Some history… Turtles Fly Too started operations on November 17, 2014. TF2 operates in partnership with the National Oceanic and Atmospheric Administration (NOAA), and cooperates with multiple local aquariums and oceanic research organizations. Its president Leslie Weinstein grew up in Florida and was fascinated by sea turtles. Later in life, he founded True-Lock LLC, which manufactures fasteners for the aviation and defense industries. Dedicated to sea turtle preservation and education, he’s forged bonds between the rescue organizations and willing pilots with who have ready aircraft.

Some of the turtles are as large as a big dog, and their current mode of transport is in a large – breed dog crate with some modifications. Recently, the organization is working on a prototype box which will fit in moderate – sized aircraft better than the large dog crates. Space is at a premium, and sizes better suited for each turtle species will (hopefully) help free up space for additional animals per flight.

Although pressurization isn’t required, the inside of an aircraft needs to be heated, and the turtles are sent with warming heat pads to keep their temperatures up to healthy levels. Smaller sea turtles are paired up in cardboard banana boxes – the ones that are sturdy with holes cut out on the sides. These are well ventilated and work well for the air-breathing reptiles. Every once in a while a pilot will look back to see a nose or a flipper pop out of a hole, but usually the turtles fly quietly and don’t move much, according to one rescue pilot.

Turtles Fly Too – coordinated transports flew 626 turtles from the Northeast to other areas of the U.S. during the 2015 – 2016 rescue season. The following year, only 520 turtles were transported, but many of these were larger species, and their combined weight approached one ton more than the previous year. Weight and balance is a crucial consideration, but some of the larger aircraft have handled upwards of 40 animals on a single flight – in their crates and boxes, of course.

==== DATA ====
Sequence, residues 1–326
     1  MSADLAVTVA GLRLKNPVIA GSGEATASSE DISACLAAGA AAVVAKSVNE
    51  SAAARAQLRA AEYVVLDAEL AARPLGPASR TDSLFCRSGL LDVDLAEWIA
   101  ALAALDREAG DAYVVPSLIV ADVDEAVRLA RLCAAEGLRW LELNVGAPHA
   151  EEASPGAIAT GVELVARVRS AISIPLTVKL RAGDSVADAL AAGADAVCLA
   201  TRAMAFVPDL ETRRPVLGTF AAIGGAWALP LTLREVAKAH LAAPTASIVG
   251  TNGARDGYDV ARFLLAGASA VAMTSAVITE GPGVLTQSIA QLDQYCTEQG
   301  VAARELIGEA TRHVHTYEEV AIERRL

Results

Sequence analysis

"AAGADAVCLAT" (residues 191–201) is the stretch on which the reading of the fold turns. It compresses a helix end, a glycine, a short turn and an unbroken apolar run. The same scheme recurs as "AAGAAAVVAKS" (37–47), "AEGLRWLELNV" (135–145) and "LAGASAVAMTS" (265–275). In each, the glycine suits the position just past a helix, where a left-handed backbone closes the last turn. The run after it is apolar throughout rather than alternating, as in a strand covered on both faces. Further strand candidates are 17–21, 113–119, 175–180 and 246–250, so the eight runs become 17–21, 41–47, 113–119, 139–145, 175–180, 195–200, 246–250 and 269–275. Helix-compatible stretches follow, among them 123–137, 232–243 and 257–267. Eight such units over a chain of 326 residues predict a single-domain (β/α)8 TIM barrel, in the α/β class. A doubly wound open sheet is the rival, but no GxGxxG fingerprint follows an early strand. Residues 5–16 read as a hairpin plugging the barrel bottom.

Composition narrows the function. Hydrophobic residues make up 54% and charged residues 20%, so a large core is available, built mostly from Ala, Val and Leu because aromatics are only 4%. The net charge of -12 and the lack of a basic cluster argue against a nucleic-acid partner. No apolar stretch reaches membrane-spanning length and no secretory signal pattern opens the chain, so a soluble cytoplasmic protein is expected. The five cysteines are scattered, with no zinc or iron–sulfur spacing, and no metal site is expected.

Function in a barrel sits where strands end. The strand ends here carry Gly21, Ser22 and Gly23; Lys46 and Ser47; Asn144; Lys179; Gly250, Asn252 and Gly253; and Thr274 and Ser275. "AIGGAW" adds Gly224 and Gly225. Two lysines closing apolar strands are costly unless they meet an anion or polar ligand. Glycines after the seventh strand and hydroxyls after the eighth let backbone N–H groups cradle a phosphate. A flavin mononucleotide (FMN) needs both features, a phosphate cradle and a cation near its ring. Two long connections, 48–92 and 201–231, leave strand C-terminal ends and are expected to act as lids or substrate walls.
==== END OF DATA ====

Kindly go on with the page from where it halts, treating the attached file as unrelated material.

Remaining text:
Aircraft that were on hand that May morning at Marshfield included a Pilatus PC-12, a TBM-700, and several other single-engined Cessnas, Pipers and Beeches. Four pilots shared short anecdotes about their rescue missions, one said that their flight got special handling once from the busy New York TRACON when the controller noted that the remarks of his flight plan included “sea turtle rescue flight”… and he wanted to help even though the controller was on the ground far away. Although the flights can’t use “Lifeguard” or “Medivac” call signs (which specify a human medical-related transport), these volunteer pilots’ work is really that important.

As an organization, Turtles Fly Too also assists with deliveries of other wildlife rescue equipment and personnel. Within the past year, trips moving volunteers and equipment for whale rescue events along the East Coast of the U.S..

In the spring of 2020, there will be another gathering of rescue and aviation entities, including Turtles Fly Too members, at a yet-to-be-determined facility in Florida, to bring the discussion of rescue to another important geographic area. Look for information on the TF2 web site of on their Facebook page!

This article has been published less than two months before New England’s first cold snap of the 2019 – 2020 season will likely occur. Turtles Fly Too volunteers will be ready, often at little notice, to make these flights of mercy throughout the autumn and most of the winter.

If you can help, either on the aviation side of things or on the beaches and trauma/rehab facilities, here are a few web sites with more information:
Turtles Fly Too: – or on their Facebook page
Loggerhead Marinelife Center:
Mass Audubon:
NOAA Greater Atlantic Region: 

Ken Kula

Assignment and Content Editor, writer and photographer A New Englander all of my life, I've lived in New Hampshire since 1981. My passion for all things aviation began at a very early age, and I coupled this with my interest of photography during college in the late 1970s. I spent 32 years in the air traffic control industry, and concurrently, enjoyed my aviation photography and writing adventures, which continue today. I've been quite fortunate to have been mentored by some generous and gifted individuals. I enjoy contributing to this great site, and working with some very knowledgeable and equally passionate aviation followers.